Grace had been standing on a raised platform in front of a full-length mirror for the better part of an hour, enduring poking and prodding, and even a few pricks as Madame Duboire sized and measured her for what seemed like a wardrobe large enough for a queen.
Madame Duboire muttered to herself in French as she worked; only acknowledging Grace when she needed to know what shade of green she preferred or how many night gowns she thought she was going to need. It was rather dull.
Grace let her mind wander out of boredom. She wondered what Luca was doing right now. Was he bootlegging? She didn’t know. Hell, she didn’t know anything that even went into the business, aside from the rather prominent fact that it was illegal. Was that all he did with his days, or did the Venzettos have a second business as well? The realization that she didn’t know anything bothered her.
She felt Madame Duboire smack the back of her thighs, telling her to step down from the stool she’d been occupying.
“I am done with you for the day. Your ball gown will be done this time tomorrow. You can stop by any time after then to get it.” Her tone was uppity, almost as though she thought Grace wasn’t good enough to warrant her services.
Grace bit back her dislike for the French woman, and thanked her for her time.
Madame Duboire slipped behind a curtain that Grace assumed led to her workroom. She didn’t come back.
Grace let out a sigh, checking the clock on the wall behind her. It was ten till one. Russo wouldn’t be back for another ten minutes, and he had made it clear that she was not to leave without him.
She sat down on a plush bench by the display windows, crossing her legs, so she could pick at a loose thread on the hem of her skirt. Her foot bobbed up and down in anticipation, but this only seemed to make the seconds tick by more slowly.
There was a flower vendor outside the shop and a few doors down. Surely Russo wouldn’t be angry at her for going to look at flowers. The cart was noticeable enough he wouldn’t have a hard time finding her when he came looking.
Grace stood, smoothing her skirt. She left the shop, hearing the tinkling of a little bell as the door closed behind her.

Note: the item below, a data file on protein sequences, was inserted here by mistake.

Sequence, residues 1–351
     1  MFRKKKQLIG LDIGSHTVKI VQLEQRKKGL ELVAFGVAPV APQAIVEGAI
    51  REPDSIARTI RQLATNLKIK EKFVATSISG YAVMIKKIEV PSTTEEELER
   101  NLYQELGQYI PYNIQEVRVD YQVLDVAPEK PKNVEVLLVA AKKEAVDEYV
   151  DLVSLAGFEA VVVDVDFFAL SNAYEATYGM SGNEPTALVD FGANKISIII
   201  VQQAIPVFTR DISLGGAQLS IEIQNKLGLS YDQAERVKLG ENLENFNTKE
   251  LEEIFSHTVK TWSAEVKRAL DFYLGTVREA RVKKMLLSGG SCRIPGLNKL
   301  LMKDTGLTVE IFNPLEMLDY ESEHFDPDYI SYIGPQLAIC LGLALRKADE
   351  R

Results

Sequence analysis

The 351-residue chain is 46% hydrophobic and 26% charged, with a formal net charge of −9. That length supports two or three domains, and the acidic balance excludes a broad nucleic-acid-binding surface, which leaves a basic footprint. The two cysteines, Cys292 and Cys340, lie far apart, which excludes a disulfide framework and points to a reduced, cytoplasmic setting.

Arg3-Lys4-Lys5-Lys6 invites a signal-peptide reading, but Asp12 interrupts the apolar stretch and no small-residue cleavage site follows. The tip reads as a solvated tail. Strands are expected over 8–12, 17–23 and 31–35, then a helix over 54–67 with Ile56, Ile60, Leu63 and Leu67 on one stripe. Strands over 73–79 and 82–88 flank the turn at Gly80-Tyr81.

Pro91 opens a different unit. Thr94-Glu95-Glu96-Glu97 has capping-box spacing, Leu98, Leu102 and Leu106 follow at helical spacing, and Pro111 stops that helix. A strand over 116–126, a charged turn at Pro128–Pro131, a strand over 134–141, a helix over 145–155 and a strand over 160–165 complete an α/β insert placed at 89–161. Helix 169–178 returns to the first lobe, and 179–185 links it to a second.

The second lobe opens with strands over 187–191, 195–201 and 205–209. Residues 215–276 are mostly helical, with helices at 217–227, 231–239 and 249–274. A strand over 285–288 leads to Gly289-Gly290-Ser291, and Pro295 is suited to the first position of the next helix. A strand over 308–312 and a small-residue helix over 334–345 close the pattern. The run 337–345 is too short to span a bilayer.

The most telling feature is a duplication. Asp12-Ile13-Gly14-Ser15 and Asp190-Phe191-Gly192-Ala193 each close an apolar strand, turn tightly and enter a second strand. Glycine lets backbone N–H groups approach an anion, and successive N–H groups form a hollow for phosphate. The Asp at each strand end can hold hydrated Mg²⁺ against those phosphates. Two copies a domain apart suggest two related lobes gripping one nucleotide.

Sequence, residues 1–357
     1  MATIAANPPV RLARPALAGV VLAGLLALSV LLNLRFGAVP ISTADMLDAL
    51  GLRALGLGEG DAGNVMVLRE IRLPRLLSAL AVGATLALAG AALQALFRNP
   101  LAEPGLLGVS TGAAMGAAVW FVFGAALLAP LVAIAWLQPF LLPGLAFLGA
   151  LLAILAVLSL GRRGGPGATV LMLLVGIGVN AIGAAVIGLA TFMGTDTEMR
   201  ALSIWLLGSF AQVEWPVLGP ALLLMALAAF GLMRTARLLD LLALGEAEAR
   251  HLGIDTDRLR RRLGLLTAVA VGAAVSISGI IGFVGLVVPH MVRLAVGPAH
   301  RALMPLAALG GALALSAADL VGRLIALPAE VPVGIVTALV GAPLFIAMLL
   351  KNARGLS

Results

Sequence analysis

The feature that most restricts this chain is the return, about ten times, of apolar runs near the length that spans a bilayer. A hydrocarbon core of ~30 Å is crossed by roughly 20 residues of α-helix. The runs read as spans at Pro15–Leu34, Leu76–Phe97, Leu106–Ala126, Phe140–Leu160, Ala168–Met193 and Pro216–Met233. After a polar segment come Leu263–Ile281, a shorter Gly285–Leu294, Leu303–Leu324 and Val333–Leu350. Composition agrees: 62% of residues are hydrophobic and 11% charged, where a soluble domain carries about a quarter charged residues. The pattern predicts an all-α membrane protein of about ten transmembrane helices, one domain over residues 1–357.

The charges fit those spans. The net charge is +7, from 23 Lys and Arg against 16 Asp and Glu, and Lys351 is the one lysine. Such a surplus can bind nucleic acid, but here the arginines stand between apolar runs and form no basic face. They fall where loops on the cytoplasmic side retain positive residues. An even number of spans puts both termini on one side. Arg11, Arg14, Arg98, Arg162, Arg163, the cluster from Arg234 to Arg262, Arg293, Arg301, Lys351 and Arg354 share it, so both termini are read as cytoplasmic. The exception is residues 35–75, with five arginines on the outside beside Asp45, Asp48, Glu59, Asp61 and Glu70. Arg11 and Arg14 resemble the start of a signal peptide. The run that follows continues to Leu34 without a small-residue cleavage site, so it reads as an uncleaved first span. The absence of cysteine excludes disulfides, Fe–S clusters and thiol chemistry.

As she neared the cart, the scents of a dozen different flowers assaulted her nose. Everything smelled so fresh and sweet. The vendor, a fat, balding man, smiled at her as she came closer.
She grabbed a bright pink rose and brought it up to her nose, inhaling deeply. Heavenly. Maybe Gia would let her have pink roses in her wedding bouquet. They were in her mother’s, and she felt she should have them as well, as a nod to the woman that was taken from her far too soon.
Getting lost in her thoughts, Grace almost missed the person calling her voice.
“Grace? Grace Hanson?” She turned to see who was behind her.
She whipped her head around to come face to face with a tall, young man with deep brown, almost black, eyes.
“Peter!” She exclaimed, excited to see her friend from school. They hadn’t seen each other for the better part of a year. He smiled at her, wrapping her in a casual embrace.
“How are you Grace?”
“I am well. It’s been ages since I last saw you. How are you?” she questioned.
He laughed. “I’m doing well. Actually, I’m in the city on business. Has anything of interest happened recently?”
Her face fell. “I got engaged,” she said, bringing her left hand in front of her chest. Russo’s ring sparkled in the autumn sunlight.
Peter’s eyebrows scrunched into a line.
“Congratulations. Who’s the lucky guy?” his tone betrayed his words.
“Luca Venzetto.” Grace could have sworn she saw his eyes turn to slits for a split second before he recovered.
“Well, I am happy for you.” He kissed her cheek
“Thank you, Peter,” she said. She realized he was the first person she had talked to about her engagement aside from the Venzettos.
“So, Gracie, how’s your dad?” Peter’s family was friends with Grace’s.
“He’s…” she hesitated. “Well.”
“Oh?” he had caught on to her hesitation. Grace opened her mouth to try and explain her complicated situation, when she saw a rather peeved Russo walking towards her over Peter’s shoulder. She handed Peter the rose she was still holding.
“I’m sorry, Peter. I have to go.” She gave him a quick hug, and walked around him towards Russo.
The last thing she needed was a confrontation between an old friend and Russo.
When she reached Russo, she greeted him with a sweet smile. He shoved his hands into his slacks, glancing over his shoulder back at Peter.
“Who was that?” he asked bluntly.
“An old friend,” she quipped, losing her smile.
He eyed her skeptically for a moment, making her uncomfortable under his gaze. He brought his thumb to the corner of his mouth for a brief moment, and began to saunter back to where the car was still parked.
Grace rolled her eyes, but followed him nevertheless, for fear of being left behind on the busy sidewalks of the city.
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Love and LiquorHistorical Fiction
Its New York, 1924, and Prohibition is in full swing, which means so is the Mafia. Grace Hanson is a seventeen year old that's just graduated from high school, waiting for her life to begin. In the meantime, she lives with her father, Dr. George Ha...